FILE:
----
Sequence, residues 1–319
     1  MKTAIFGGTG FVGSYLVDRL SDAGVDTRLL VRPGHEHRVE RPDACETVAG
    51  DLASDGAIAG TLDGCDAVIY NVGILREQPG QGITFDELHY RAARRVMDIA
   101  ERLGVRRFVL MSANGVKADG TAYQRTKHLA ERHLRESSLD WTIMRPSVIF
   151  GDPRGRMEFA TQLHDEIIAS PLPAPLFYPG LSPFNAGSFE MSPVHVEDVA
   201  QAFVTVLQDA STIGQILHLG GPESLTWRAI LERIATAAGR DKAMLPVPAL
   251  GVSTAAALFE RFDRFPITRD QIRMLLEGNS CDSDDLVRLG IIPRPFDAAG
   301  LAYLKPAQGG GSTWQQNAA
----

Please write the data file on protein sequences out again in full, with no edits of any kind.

Sequence, residues 1–319
     1  MKTAIFGGTG FVGSYLVDRL SDAGVDTRLL VRPGHEHRVE RPDACETVAG
    51  DLASDGAIAG TLDGCDAVIY NVGILREQPG QGITFDELHY RAARRVMDIA
   101  ERLGVRRFVL MSANGVKADG TAYQRTKHLA ERHLRESSLD WTIMRPSVIF
   151  GDPRGRMEFA TQLHDEIIAS PLPAPLFYPG LSPFNAGSFE MSPVHVEDVA
   201  QAFVTVLQDA STIGQILHLG GPESLTWRAI LERIATAAGR DKAMLPVPAL
   251  GVSTAAALFE RFDRFPITRD QIRMLLEGNS CDSDDLVRLG IIPRPFDAAG
   301  LAYLKPAQGG GSTWQQNAA